Social Collaboration is Catalyzing Transformational Change

Rather than question, “How is social collaboration transforming health care,” we need to be asking: “How can social collaboration effectively catalyze rapid, transformational change in our dysfunctional healthcare system?

John Leifer Social Collaboration

Increase transparency to foster change

The obvious strength of social media is its ability to disseminate information with extraordinary rapidity across highly diverse audiences. If we assume that one of the great limiting factors for change in healthcare is a lack of transparency, than perhaps social media can be leveraged to begin to pull back the veil on healthcare.

There are organizations pursuing such a strategy – including Angie’s List, which aggregates patient reviews of physicians and publishes them on the web. The problem, of course, is that consumers do a very poor job of evaluating the clinical competency of providers, and thus base their observations primarily on “high-touch” variables. Furthermore, the platform does not allow for interaction with those providing reviews…and thus it is a one-way conversation.

But what if there was an unbiased enterprise (presumably non-profit) that allowed consumers to enter structured or guided information regarding their interaction with healthcare providers that went beyond superficial observations, then cleansed the data, and aggregated it in a fashion that gave it utility to a broad audience? And what if this data formed the foundation for social collaboration regarding provider selection? In other words, you could see aggregated data, as well as converse with people who were willing to speak about their experiences.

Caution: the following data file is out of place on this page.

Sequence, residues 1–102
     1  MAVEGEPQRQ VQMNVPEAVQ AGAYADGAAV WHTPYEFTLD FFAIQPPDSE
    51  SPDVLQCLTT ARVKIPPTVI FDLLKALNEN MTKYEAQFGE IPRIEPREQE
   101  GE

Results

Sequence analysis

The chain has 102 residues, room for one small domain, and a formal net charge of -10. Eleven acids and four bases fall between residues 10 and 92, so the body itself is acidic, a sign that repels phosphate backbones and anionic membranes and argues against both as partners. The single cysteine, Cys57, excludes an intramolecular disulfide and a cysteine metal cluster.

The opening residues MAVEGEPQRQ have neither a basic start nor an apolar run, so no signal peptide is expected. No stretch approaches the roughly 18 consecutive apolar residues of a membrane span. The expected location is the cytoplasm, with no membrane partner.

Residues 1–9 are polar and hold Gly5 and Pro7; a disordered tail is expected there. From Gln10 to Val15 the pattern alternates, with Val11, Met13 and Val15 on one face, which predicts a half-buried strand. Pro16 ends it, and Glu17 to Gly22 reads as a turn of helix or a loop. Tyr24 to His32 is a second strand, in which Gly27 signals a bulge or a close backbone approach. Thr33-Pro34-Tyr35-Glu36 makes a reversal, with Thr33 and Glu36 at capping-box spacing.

Evaluate the clinical experience

I'm not envisioning questions that merely probe satisfaction with such variables as provider communication, but rather questions that begin to unmask the clinical experience, including:

  • Did your procedure go as planned (Y/N)?  If not, please explain.
  • Were you given a complete explanation as to the nature of your treatment, as well as potential adverse effects?
  • Were subsequent, unplanned treatments (or hospitalizations) required within 30 days of your initial treatment?
  • Did you experience an infection as a direct result of your treatment?
  • Were the costs of your treatment fully explained to you?
  • Would you recommend this facility for the type of treatment you underwent?

After 30 years of observing the glacial pace of change within health care, I’m convinced that it will take consumers, empowered with the “right” information, to drive transformational change in health care – and we should be providing them with the appropriate tools accompanied by venues for meaningful social collaboration

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